As restaurant brokers, we perform a lot of research before selling a restaurant. Our first stop is Google where inevitably, Facebook, the business website and reviews show up first. It turns out that we are not the only ones. Restaurant buyers and customers alike trust the Internet to give them recommendations. While we all still get business the old fashioned way, i.e. loyal customers of our business, increasingly, the next best place for suggestions is online. A survey released in August of 2012 and recently quoted in an article on Monkeydish found that after a friend’s recommendation, the Internet has the next greatest pull over where someone decides to dine.
Here are the hard numbers in the survey conducted and published originally on angelasmith.net. 1
- 48.9% of respondents first look to a friend for restaurant suggestions, while 22.8% initially turn to consumer-generated websites for recommendations
- 80.1% of respondents do additional research after receiving a recommendation from a friend. About 27.7% look at consumer-generated websites for more information and 27% go to the restaurant’s website
- 16.5% of respondents named Google as their go-to for additional research
While we mentioned Yelp in the headline, that’s just one of many restaurant review websites. Chowhound, Open Table and Google Plus routinely offer the ability to add a review online and customers eagerly participate. Unfortunately, it always seems as if that one disgruntled guest with a poor experience rises to the top ahead of a hundred glowing reviews.
Review websites are not the only way to get damaged online. It used to be only Zagat and the Food Critic at the local newspaper wrote a review. In today’s online world, everyone fancies themselves a foodie and most have no compunction about posting their opinion online. Someone who has never trained in the industry and without any experience can go for a “shock jock” foodie blogger approach and damage the reputation of your business. This makes selling a restaurant more difficult.
You will never be able to eliminate bad reviews but you can arm yourself with knowledge. As restaurant brokers, we offer this advice.
1) As soon as you finish this article, set up a Google alert on your personal name and your restaurant name. Knowledge is power. Google will email you every time you show up online so you get the news in time to react to it.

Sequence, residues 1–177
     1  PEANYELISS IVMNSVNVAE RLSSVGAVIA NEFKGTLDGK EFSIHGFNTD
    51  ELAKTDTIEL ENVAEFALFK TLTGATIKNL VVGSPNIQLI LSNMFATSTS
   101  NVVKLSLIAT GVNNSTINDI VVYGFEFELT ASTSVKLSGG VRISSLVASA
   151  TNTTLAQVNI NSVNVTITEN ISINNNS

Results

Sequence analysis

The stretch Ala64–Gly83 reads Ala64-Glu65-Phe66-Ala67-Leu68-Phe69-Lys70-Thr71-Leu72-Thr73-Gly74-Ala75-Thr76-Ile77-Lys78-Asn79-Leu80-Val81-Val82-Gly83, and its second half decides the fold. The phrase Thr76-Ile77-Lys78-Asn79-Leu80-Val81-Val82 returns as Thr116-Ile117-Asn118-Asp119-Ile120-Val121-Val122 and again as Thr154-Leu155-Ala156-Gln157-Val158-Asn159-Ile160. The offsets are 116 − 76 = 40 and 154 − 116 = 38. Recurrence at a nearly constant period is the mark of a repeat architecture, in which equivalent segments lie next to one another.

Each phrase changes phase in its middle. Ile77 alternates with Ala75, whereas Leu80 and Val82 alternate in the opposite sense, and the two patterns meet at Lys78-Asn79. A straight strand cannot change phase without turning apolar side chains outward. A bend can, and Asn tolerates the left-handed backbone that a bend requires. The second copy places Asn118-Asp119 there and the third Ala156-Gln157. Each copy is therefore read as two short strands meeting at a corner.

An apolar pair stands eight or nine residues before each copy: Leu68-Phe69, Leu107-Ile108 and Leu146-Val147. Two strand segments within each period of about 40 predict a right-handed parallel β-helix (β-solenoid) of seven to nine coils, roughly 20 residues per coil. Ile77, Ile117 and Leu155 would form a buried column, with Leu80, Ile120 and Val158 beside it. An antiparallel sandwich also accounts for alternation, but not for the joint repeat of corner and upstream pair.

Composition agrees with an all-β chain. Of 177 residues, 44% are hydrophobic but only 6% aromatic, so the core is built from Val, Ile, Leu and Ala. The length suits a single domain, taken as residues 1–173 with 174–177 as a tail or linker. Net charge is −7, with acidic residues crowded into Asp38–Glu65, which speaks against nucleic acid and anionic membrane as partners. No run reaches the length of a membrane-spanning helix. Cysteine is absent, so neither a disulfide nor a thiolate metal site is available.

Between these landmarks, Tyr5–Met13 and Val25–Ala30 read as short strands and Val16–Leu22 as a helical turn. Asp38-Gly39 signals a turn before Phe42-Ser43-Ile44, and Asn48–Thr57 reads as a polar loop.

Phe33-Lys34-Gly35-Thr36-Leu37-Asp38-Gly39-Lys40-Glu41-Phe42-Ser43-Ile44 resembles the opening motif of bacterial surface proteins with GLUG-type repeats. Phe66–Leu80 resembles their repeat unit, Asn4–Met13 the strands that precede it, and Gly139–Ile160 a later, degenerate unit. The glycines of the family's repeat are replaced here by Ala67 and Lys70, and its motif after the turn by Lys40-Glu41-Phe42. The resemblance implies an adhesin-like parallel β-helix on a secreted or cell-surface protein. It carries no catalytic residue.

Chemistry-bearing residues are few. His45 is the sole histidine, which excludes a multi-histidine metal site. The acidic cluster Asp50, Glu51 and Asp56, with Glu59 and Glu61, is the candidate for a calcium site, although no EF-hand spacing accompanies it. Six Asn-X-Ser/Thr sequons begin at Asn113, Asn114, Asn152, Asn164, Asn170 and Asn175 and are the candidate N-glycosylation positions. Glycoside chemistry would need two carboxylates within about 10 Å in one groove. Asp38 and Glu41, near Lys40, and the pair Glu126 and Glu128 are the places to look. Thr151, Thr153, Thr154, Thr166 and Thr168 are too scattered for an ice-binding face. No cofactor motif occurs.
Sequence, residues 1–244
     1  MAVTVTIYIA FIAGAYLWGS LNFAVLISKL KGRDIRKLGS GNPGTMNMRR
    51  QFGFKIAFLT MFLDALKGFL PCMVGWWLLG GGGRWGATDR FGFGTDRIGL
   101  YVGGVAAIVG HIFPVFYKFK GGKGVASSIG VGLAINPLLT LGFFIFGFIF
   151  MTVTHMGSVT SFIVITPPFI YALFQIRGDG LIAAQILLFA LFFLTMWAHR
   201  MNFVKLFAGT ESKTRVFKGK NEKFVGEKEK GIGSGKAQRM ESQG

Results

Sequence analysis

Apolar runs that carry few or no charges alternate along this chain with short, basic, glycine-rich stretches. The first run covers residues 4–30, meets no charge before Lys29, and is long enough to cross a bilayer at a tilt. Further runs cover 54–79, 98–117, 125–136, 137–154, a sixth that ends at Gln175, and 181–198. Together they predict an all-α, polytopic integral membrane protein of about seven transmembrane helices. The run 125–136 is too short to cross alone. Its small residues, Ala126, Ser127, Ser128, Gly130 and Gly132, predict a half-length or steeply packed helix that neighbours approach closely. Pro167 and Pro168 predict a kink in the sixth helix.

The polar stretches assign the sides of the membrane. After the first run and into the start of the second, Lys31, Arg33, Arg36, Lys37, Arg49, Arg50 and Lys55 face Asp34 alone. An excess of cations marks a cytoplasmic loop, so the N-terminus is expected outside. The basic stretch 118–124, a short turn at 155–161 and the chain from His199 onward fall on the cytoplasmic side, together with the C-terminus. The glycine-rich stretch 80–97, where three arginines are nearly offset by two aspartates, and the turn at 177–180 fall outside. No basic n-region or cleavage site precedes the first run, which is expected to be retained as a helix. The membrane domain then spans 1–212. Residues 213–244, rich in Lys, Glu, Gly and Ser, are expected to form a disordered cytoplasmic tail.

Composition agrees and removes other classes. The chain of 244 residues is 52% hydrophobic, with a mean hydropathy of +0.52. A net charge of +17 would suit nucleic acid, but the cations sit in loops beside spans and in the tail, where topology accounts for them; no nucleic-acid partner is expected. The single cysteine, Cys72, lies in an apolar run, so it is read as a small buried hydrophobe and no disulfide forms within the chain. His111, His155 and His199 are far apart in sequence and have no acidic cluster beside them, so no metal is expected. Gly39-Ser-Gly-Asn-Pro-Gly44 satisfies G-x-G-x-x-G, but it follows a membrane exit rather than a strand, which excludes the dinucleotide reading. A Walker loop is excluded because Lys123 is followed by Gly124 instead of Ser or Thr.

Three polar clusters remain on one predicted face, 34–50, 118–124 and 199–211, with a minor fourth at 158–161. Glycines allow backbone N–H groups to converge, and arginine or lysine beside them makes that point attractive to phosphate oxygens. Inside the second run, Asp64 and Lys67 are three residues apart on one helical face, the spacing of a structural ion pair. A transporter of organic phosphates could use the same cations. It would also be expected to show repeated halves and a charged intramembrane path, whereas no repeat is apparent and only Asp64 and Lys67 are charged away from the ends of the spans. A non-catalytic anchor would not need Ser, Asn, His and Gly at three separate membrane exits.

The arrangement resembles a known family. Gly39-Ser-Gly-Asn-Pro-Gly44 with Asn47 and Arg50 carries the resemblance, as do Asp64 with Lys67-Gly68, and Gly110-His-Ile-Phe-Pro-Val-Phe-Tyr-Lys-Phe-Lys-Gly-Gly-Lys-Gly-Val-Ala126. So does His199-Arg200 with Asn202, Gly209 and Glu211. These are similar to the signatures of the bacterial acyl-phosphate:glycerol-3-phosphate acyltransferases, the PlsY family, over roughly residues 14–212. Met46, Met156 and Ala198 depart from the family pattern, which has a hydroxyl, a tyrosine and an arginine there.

2) Carefully craft a response or attempt to reach the person who is making the statements but be careful about responding online. There’s an old adage “teacher, preacher, boss” to keep in mind when posting on the web. Avoid answering defensively or when you are angry. If you wouldn’t make the statement to your “teacher, preacher, boss” then don’t post it. In the world of the “way back” machine, everything put online is forever. The last thing you want is for a Twitter argument with a customer to go viral.
3) Consider the review and investigate the issues. A popular TV show posting hidden cameras demonstrates restaurant owners don’t always know what’s happening when you’re not at the business. If your servers are mouthing off at clients when you’re not there, correct the situation and thank the client for letting you know.
4) Reputation “cleanup” companies exist that will work to help you repair your online reputation but we hesitate to recommend these. They are expensive and may post reviews that feel “canned” or made up. The best way to have a good reputation online is lots of positive reviews that push bad reviews down in the search engine results. These should organically occur when you’re doing a good job running your restaurant.
5) Lastly, if the posted remarks are untrue, they may cross the line from being annoying to reaching the level of slander per se. In some states (like Georgia), damages don’t need to be proven and a defense of the truth is enough to get comments withdrawn with the threat of a lawsuit. This is a last step approach when it appears someone is intentionally damaging your good reputation.
For anyone operating a business and especially for someone selling a restaurant, it’s important to know everything being said online including the good, the bad and the ugly. Years of posting stellar service experiences can go to the wayside with the ranting of one client facing a bad experience the single night your sous chef called in sick and a 30-top landed with no reservations. Take this advice from the restaurant brokers and know what's being said online before selling your restaurant.
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1Source: Angelasmith.net; Groundbreaking Survey Reveals How Diners Choose Restaurants; August, 2012